It may also kill some of the bridge diodes or thyristors, if fuses don't blow fast enough.

            If open, it will not catch the EMF pulse and the resulting unquenched arc will *destroy* whatever it catches.

            4) the trigger/timing circuit is crude but effective.
            And quite foolproof.

            a) For one, it's antibouncing: the first pulse triggers it for good and eventual later sparks (if any) have no effect.

            b) even if the operator stays with the button pushed, once the 20uF capacitor is discharged, the trigger relay opens, and can't be retriggered until the operator stops pushing the button and lets the .1uF capacitor recharge.
            So if the 20uF is open, the trigger relay won't be on for long enough (a few seconds) but a couple milli seconds.
            And if the .1uF or R2 is open, the relay will not trigger.

            Measure the 20uF cap voltage, it should be around 140/150V.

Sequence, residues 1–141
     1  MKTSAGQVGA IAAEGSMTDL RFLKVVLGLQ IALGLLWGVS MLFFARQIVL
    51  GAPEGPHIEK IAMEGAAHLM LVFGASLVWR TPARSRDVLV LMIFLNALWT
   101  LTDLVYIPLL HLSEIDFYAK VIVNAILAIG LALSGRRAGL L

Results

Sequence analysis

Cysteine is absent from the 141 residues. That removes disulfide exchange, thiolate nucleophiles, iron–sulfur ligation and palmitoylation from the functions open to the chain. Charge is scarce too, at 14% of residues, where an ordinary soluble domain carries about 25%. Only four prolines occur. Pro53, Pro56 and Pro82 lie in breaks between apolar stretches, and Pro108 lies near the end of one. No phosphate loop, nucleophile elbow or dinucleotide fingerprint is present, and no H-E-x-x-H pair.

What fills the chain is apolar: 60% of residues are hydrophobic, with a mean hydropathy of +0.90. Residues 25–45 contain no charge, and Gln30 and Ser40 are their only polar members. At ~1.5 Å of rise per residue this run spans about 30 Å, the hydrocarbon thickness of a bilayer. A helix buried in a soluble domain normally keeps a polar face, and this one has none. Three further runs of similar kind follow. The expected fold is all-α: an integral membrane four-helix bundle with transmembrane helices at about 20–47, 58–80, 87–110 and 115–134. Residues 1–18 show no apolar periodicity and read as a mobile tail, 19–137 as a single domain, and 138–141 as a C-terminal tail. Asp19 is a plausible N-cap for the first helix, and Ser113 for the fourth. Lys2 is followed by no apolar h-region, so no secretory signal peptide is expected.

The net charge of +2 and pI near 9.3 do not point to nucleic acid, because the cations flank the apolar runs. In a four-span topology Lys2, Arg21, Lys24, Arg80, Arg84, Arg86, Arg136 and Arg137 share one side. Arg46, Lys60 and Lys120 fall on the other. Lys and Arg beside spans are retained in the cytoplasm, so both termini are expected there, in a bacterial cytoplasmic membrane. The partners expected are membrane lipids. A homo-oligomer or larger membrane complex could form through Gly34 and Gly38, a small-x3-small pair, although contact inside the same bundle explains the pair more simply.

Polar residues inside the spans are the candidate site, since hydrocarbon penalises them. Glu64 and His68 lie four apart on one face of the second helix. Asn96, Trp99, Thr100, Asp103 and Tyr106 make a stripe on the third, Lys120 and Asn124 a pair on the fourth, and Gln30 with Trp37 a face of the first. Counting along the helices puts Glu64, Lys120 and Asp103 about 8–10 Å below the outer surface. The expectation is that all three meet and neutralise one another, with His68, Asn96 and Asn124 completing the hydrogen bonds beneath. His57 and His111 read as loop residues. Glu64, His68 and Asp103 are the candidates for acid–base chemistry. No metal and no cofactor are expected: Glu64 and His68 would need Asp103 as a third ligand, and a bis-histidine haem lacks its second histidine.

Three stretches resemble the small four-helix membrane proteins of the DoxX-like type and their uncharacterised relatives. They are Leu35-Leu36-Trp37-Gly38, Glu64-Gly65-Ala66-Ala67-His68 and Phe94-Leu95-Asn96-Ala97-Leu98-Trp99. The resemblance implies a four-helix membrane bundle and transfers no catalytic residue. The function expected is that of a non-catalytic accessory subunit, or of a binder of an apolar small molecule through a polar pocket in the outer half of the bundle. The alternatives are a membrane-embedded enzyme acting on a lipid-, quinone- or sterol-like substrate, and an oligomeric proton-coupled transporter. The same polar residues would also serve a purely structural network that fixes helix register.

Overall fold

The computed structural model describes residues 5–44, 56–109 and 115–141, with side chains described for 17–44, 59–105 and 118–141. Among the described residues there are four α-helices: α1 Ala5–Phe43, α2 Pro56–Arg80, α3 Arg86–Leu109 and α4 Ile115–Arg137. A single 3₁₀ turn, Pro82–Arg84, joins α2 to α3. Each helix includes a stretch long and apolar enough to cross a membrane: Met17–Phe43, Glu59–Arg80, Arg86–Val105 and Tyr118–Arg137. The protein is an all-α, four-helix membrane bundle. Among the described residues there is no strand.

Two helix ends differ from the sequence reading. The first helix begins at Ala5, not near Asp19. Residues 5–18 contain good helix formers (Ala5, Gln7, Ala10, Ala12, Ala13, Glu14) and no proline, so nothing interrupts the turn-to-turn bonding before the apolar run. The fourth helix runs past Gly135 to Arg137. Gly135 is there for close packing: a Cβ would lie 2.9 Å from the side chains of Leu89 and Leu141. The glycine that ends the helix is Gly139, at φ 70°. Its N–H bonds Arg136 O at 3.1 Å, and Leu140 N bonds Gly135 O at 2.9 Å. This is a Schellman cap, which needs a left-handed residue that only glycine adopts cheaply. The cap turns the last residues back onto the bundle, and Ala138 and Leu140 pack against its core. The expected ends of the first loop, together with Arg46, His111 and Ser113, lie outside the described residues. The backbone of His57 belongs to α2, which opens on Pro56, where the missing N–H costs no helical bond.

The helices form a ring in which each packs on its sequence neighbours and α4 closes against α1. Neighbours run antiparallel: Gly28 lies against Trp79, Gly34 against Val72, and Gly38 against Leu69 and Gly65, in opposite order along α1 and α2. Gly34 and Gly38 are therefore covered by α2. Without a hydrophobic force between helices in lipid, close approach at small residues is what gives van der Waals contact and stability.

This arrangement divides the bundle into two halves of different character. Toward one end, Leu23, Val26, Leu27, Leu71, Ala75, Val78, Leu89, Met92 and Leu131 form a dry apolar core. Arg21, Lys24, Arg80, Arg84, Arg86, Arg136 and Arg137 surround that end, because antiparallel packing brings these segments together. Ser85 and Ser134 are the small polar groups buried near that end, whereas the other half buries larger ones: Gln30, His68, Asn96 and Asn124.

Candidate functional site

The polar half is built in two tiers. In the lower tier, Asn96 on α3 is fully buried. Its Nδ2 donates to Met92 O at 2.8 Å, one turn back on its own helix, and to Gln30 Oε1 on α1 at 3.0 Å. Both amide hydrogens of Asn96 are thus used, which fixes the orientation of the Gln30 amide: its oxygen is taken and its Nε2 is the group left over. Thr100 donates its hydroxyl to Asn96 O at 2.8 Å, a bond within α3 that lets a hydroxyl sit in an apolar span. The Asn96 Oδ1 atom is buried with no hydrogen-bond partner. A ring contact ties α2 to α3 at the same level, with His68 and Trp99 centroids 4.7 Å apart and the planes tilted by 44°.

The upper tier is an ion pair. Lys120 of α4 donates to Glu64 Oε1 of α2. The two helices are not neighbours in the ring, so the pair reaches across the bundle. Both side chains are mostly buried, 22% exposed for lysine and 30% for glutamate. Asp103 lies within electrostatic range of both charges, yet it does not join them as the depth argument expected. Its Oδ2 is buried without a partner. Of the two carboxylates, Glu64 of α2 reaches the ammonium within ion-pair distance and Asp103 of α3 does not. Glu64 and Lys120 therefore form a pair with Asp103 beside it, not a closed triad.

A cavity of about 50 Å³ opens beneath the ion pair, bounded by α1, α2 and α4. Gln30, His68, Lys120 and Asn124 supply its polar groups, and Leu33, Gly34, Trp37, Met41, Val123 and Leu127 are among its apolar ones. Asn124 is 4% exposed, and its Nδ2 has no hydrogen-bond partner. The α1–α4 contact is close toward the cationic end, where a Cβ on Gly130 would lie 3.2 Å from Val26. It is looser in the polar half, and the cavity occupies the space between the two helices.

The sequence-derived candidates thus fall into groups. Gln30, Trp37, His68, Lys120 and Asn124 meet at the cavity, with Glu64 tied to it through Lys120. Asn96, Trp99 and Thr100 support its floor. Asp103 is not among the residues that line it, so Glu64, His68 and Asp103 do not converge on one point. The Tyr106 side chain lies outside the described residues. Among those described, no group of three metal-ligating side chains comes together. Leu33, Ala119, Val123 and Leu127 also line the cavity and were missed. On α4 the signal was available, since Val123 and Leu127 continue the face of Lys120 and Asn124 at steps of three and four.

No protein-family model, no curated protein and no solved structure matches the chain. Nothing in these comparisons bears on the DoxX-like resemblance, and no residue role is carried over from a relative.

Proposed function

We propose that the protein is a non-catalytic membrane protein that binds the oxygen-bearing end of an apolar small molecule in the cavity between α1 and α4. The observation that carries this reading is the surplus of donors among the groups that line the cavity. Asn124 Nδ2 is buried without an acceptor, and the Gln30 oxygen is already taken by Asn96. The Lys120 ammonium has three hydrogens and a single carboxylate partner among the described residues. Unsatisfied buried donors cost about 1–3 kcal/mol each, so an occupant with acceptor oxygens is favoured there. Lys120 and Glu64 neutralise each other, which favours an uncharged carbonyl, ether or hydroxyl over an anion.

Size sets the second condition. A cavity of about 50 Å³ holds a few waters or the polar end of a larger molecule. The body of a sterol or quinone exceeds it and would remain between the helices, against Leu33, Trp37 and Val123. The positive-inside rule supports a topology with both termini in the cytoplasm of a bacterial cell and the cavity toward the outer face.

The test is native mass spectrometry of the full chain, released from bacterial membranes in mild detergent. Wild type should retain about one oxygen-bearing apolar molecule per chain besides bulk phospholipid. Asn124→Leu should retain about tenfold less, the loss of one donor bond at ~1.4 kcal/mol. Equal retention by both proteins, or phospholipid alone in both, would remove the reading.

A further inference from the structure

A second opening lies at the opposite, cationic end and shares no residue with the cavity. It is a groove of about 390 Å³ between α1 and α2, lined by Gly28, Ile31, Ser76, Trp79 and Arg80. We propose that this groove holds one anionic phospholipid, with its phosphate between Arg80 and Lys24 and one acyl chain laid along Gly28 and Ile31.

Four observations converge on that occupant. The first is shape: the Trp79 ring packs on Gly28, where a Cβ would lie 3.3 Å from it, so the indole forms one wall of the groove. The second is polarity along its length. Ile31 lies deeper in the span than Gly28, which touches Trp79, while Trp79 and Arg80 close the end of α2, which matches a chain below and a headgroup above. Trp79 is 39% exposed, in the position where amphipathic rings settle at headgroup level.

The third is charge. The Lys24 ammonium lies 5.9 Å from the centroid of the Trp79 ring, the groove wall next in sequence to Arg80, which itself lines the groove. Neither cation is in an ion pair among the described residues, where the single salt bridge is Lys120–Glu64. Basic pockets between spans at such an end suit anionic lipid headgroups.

I'd replace it with a fresh one, by the way.

            As Enzo said, you can test the trigger with the 3 phase power disconnected, using just the 120V one.

            Of course, the relay may be bad: burnt coil, pitted contacts, dirty/worn socket contacts, etc.

            5) Diodes "D1" and "D2" are testable, of course.

            6) to functionally check Thyristors/SCR I'd first disconnect fully the 240V 3 phase input, disconnect (one at a time) the anode and the end of R1 conected to the trigger relay and connect a small 12VAC transformer , one wire to cathode, the other to anode through a 12V car type lamp.
            The lamp should not light, the untriggered SCR is an open circuit.